Cross-examined by MR. PHILLIPS. Q.Have you any private-mark on the goods? A. Yes, I have on the gnetest part of them.

E. R. MORIS, ESQ. I am a Magistrate of this county. The prisoners were brought before me at the Petty Sessions; Brown was called upon in the usual way, and asked if he had any thing to say in answer to the charge; he was cautioned not to say any thing that might injure himself - what he said was taken down, then read over to him, and he signed it in my presence; this is the paper.(looking at it), it has my signature to it - the other prisoners were present when he made the statement,(read) -

The examination of Edward Brown , a prisoner now in custody, on suspicion of having robbed the house of Augustus Katenbeck , at Edmonton, this 29th of April, 1831: - I this day week, went into the skittle-ground of the White Hart public-house, in Tottenham-hale, between the hours of four and five in the afternoon, and after playing in the skittle-ground with Benjamin Grimley and Thomas Chalk , *we all three went together into the tap-room; Benjamin Grimley proposed to Thomas Chalk and myself to go to Mr. Katenbeck's, know-

*In reading this document, the names of Grimley and Chalk were omitted.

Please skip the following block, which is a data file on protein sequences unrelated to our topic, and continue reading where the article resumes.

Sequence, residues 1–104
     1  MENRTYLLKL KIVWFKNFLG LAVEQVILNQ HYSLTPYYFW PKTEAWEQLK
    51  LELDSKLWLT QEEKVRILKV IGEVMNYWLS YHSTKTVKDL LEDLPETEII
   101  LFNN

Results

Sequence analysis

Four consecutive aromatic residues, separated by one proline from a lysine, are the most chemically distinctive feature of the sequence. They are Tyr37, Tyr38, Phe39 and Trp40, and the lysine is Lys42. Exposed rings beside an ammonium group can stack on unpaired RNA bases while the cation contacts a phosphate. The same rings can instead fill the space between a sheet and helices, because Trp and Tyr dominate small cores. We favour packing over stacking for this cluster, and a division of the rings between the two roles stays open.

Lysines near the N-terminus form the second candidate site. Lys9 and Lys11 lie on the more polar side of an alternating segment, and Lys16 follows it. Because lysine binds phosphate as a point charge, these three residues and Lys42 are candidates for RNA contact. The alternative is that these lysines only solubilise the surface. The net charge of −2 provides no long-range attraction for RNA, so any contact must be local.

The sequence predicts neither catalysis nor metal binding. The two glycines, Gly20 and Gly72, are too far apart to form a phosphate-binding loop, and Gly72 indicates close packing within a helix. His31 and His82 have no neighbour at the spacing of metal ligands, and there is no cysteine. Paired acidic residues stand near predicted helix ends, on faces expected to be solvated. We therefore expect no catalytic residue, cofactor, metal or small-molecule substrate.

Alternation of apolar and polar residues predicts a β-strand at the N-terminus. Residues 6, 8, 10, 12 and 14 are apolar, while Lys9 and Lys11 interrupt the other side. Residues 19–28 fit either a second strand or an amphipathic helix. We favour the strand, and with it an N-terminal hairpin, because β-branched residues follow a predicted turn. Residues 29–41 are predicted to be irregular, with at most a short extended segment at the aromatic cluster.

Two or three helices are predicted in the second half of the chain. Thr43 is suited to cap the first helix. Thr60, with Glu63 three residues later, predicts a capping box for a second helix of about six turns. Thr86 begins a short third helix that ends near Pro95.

ing the situation of the house, to get property out - I considered for about ten minutes, and at last was persuaded to go; Chalk and myself went to Poole's beer-shop, and Grimley went to Edmonton - a little before ten o'clock, Grimley having returned to us there, we all three went together to a shed at the bottom of Cow-lane, in Edmonton, and remained there between two and three hours; we then went to a hedge in Water-lane, where Grimley got a chisel - we then went towards the back of Mr. Katenbeck's house, and got over a fence into his garden; Grimley then with the chisel took off some boarding near the back door, when he found a brick wall, in which he made a hole, but could not make it large enough to get through; he then cut a grape-vise away, and it was proposed to take the shutters off the glass-door, which we did, and a pane of glass was broken, by which means we opened the door and got into the house - two or three chairs were placed against the door, which we pushed away; we then went into the kitchen, and opened the cupboard door and drawers; we took a silver mustard-spoon, some halfpence, and silver from one of the drawers - we then went into a parlour, and took away a time-piece, which Grimley put into my pocket; we then proceeded through a passage into the shop, where we took away the property now produced, and some old silver coin, which I sold at a pawnbroker's near St. Katharine's-dock; I retained 13s. of the money, and gave the remainder of the money afterwards to Grimley - the goods now produced were taken by all three of us to my house, and placed under my bed, where they remained two or three days, when I removed them into the roof of my house; the bag and apron are my own property - it was about one o'clock on Saturday morning when we broke into the house; we afterwards returned into the marshes, and from thence to my house - after I had got the silks and shop goods I did not know what to do with them; I did not know what became of the time-piece.